A History of Celibacy
From Athena to Elizabeth I, Leonardo Da Vinci, Florence Nightingale, Gandhi, and Cher
By Elizabeth Abbott
(Scribner, Hardcover, 9780684849430, 496pp.)
Publication Date: May 15, 2000
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Joan of Arc was one. So was Sir Isaac Newton. A monk vows to be one. A prisoner has no choice. History tells of many avowed celibates, and today's society reflects a renewed interest in celibacy. But what caused -- and still causes -- people to give up sex, the very activity that drives, fascinates, troubles, and delights the rest of us?
Elizabeth Abbott's spirited and provocative exploration of celibacy debunks the traditionally held notion that celibacy is a predominantly religious concept of little concern to the secular world. With myriad examples, Abbott's lively history reveals insights not only about our religious practices but also about our sexual desires and changing attitudes toward gender and physical health.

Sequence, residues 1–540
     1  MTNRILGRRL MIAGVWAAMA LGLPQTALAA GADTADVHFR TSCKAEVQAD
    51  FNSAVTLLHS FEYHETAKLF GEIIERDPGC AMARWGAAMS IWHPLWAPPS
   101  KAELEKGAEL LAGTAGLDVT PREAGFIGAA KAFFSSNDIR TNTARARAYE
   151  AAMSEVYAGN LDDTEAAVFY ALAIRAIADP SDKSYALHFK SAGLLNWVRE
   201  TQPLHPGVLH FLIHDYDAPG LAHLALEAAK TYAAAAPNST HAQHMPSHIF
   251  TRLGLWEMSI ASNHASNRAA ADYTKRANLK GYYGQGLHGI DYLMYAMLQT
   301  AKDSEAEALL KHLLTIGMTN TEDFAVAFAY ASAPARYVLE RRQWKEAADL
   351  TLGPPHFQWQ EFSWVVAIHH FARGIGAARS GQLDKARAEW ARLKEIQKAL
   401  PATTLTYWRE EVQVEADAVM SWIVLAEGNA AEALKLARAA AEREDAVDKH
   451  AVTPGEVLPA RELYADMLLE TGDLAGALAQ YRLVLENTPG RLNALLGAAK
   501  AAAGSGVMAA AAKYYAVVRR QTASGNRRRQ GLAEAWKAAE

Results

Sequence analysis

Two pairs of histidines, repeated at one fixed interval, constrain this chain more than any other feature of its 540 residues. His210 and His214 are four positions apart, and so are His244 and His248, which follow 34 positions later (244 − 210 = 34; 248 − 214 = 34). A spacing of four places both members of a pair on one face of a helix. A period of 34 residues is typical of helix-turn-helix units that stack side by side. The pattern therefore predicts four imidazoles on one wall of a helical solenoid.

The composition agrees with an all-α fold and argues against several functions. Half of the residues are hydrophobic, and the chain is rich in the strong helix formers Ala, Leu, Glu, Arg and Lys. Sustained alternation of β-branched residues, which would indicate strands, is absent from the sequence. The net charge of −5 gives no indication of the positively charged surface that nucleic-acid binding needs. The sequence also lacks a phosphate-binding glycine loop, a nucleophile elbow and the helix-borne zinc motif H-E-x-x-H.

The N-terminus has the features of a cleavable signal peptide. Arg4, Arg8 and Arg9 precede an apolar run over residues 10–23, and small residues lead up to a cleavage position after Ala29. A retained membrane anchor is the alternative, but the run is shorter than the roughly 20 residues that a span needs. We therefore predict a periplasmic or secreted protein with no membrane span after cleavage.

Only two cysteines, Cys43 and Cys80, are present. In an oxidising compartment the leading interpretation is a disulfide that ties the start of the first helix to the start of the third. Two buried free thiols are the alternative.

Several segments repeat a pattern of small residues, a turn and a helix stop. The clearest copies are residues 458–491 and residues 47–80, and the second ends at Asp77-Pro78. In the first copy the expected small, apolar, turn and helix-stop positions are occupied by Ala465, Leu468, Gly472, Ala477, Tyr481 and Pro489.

From the vestal virgins of ancient Rome, who were entombed alive if they broke their vows, to contemporary athletes, who "conserve semen" to enhance their game, from celibacy as a guarantee for marriage to involuntary celibacy among prisoners, eunuchs, and young women cloistered against their will, Abbott puts a human face on celibacy, capturing the anguish of the castrated boy destined for an operatic career, the ecstasy of the woman whose celibacy is rewarded by visions of Christ, and the anger of the bachelor doomed by the surplus of males in contemporary China.
What didn't happen in the bedrooms of history, and why? Through stories of individual lives -- fascinating, vital, and real -- A History of Celibacy tells all.